Even when a business is losing money, it's possible for shareholders to make money if they buy a good business at the right price. For example, although software-as-a-service business Salesforce.com lost money for years while it grew recurring revenue, if you held shares since 2005, you'd have done very well indeed. Nonetheless, only a fool would ignore the risk that a loss making company burns through its cash too quickly.
So should Auris Minerals (ASX:AUR) shareholders be worried about its cash burn? In this article, we define cash burn as its annual (negative) free cash flow, which is the amount of money a company spends each year to fund its growth. Let's start with an examination of the business' cash, relative to its cash burn.
When Might Auris Minerals Run Out Of Money?
A cash runway is defined as the length of time it would take a company to run out of money if it kept spending at its current rate of cash burn. In December 2020, Auris Minerals had AU$5.1m in cash, and was debt-free. Importantly, its cash burn was AU$1.1m over the trailing twelve months. So it had a cash runway of about 4.7 years from December 2020. There's no doubt that this is a reassuringly long runway. Depicted below, you can see how its cash holdings have changed over time.
How Is Auris Minerals' Cash Burn Changing Over Time?
Auris Minerals didn't record any revenue over the last year, indicating that it's an early stage company still developing its business. Nonetheless, we can still examine its cash burn trajectory as part of our assessment of its cash burn situation. The 59% reduction in its cash burn over the last twelve months may be good for protecting the balance sheet but it hardly points to imminent growth. Admittedly, we're a bit cautious of Auris Minerals due to its lack of significant operating revenues. So we'd generally prefer stocks from this list of stocks that have analysts forecasting growth.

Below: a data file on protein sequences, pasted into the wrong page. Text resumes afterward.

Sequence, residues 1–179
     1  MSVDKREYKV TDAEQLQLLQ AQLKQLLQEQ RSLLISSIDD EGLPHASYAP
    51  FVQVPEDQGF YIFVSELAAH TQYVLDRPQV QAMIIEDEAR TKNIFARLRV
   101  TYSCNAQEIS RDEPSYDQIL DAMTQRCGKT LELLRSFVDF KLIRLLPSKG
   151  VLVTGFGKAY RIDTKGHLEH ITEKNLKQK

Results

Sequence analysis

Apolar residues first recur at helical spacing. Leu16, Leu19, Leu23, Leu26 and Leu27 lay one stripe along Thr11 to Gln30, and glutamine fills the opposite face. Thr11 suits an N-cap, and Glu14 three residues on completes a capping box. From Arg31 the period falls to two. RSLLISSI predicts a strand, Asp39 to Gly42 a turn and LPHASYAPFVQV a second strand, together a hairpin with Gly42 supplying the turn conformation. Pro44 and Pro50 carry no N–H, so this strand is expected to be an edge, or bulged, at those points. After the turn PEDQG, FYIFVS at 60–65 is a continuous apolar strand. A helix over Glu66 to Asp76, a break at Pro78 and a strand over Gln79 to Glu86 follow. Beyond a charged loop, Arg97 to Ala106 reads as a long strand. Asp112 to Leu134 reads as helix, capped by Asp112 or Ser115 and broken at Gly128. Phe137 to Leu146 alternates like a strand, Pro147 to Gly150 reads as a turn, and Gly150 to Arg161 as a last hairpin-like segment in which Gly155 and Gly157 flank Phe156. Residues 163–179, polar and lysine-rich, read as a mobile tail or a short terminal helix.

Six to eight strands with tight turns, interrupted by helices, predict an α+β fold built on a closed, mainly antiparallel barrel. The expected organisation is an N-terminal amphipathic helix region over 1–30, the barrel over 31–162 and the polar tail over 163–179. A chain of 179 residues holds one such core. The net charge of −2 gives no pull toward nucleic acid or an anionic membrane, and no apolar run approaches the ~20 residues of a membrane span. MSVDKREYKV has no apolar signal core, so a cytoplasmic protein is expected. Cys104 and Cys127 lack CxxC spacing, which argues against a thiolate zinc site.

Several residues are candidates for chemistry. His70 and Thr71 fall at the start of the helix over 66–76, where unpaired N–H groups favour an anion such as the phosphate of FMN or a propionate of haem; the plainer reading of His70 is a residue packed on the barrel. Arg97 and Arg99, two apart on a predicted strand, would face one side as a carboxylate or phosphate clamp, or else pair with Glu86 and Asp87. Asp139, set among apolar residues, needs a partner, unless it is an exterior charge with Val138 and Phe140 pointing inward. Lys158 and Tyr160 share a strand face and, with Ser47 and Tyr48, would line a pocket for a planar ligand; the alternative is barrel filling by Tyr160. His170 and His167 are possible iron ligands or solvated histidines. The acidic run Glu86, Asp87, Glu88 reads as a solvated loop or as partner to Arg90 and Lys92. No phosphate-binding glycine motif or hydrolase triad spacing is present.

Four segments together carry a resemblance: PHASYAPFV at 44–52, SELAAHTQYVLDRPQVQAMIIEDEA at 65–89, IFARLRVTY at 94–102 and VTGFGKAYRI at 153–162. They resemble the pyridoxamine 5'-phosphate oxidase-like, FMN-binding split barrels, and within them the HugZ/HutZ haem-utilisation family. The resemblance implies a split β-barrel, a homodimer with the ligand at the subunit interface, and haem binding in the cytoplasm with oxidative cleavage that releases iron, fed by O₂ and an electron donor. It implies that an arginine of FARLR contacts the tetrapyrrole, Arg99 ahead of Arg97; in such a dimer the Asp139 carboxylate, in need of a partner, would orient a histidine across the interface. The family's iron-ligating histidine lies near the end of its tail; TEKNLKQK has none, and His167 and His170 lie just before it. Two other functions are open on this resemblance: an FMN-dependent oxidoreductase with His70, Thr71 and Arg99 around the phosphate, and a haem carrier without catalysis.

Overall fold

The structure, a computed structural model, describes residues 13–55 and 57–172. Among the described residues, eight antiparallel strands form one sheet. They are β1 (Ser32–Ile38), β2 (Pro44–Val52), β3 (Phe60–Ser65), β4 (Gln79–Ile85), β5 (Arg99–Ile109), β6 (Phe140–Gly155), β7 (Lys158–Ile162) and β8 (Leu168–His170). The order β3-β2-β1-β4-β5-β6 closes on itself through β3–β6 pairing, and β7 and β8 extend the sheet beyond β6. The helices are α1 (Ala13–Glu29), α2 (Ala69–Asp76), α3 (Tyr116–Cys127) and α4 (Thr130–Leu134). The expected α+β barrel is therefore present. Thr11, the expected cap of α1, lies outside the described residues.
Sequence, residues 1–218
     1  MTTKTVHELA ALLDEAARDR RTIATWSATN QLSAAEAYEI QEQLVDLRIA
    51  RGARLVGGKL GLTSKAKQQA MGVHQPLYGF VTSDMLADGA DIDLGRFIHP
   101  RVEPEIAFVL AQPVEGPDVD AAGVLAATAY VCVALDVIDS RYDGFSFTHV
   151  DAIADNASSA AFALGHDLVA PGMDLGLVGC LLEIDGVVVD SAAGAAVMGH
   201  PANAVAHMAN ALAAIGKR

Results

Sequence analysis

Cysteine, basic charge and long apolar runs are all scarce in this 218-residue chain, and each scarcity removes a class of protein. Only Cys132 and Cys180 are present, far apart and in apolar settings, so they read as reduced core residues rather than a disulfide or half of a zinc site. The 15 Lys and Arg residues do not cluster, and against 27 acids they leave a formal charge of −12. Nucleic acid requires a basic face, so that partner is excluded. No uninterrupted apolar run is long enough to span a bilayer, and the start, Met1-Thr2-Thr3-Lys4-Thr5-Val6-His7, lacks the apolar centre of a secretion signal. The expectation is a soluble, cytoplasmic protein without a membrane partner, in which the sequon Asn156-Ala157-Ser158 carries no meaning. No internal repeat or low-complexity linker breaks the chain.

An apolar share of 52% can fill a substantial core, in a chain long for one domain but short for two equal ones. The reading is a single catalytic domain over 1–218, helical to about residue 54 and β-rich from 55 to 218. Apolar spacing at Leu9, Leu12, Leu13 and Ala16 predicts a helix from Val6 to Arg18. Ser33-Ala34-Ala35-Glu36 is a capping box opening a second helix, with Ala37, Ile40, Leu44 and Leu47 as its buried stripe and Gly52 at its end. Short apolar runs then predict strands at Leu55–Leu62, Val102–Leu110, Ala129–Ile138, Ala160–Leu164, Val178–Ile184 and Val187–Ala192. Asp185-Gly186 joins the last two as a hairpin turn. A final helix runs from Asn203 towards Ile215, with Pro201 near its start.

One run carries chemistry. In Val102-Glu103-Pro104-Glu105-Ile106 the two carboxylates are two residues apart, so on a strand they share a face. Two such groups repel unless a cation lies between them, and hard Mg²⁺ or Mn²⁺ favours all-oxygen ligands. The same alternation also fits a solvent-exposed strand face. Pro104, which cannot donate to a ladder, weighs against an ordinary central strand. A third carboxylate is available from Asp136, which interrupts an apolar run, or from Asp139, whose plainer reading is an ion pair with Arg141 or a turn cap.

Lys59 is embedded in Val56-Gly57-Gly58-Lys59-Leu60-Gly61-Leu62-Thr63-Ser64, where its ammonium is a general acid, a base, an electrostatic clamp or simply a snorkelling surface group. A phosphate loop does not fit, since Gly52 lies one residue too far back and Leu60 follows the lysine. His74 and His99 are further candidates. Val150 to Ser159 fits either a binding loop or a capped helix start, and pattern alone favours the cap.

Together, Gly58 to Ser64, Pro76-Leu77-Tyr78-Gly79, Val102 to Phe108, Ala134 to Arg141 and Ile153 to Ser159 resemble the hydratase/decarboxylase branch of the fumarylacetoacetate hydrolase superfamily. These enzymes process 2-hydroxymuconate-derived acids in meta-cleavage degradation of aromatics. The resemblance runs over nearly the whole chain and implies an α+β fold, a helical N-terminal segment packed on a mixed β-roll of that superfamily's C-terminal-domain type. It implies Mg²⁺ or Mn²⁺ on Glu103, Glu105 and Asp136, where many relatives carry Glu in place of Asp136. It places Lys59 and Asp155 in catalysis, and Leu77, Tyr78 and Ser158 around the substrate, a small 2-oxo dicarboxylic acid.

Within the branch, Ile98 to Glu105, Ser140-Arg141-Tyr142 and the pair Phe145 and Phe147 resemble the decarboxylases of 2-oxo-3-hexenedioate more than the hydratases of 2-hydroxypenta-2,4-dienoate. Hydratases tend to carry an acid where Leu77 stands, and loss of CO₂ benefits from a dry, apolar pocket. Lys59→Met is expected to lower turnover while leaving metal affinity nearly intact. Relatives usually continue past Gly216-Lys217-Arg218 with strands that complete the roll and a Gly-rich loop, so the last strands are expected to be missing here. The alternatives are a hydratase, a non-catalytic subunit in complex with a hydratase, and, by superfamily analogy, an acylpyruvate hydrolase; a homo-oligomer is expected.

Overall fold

How Easily Can Auris Minerals Raise Cash?
There's no doubt Auris Minerals' rapidly reducing cash burn brings comfort, but even if it's only hypothetical, it's always worth asking how easily it could raise more money to fund further growth. Generally speaking, a listed business can raise new cash through issuing shares or taking on debt. Many companies end up issuing new shares to fund future growth. By looking at a company's cash burn relative to its market capitalisation, we gain insight on how much shareholders would be diluted if the company needed to raise enough cash to cover another year's cash burn.
Auris Minerals has a market capitalisation of AU$28m and burnt through AU$1.1m last year, which is 3.9% of the company's market value. That's a low proportion, so we figure the company would be able to raise more cash to fund growth, with a little dilution, or even to simply borrow some money.
So, Should We Worry About Auris Minerals' Cash Burn?
It may already be apparent to you that we're relatively comfortable with the way Auris Minerals is burning through its cash. For example, we think its cash runway suggests that the company is on a good path. And even its cash burn reduction was very encouraging. After taking into account the various metrics mentioned in this report, we're pretty comfortable with how the company is spending its cash, as it seems on track to meet its needs over the medium term. An in-depth examination of risks revealed 3 warning signs for Auris Minerals that readers should think about before committing capital to this stock.
If you would prefer to check out another company with better fundamentals, then do not miss this free list of interesting companies, that have HIGH return on equity and low debt or this list of stocks which are all forecast to grow.
If you’re looking to trade Auris Minerals, open an account with the lowest-cost* platform trusted by professionals, Interactive Brokers. Their clients from over 200 countries and territories trade stocks, options, futures, forex, bonds and funds worldwide from a single integrated account. Promoted
This article by Simply Wall St is general in nature. It does not constitute a recommendation to buy or sell any stock, and does not take account of your objectives, or your financial situation. We aim to bring you long-term focused analysis driven by fundamental data. Note that our analysis may not factor in the latest price-sensitive company announcements or qualitative material. Simply Wall St has no position in any stocks mentioned.
*Interactive Brokers Rated Lowest Cost Broker by StockBrokers.com Annual Online Review 2020
Have feedback on this article? Concerned about the content? Get in touch with us directly. Alternatively, email editorial-team (at) simplywallst.com.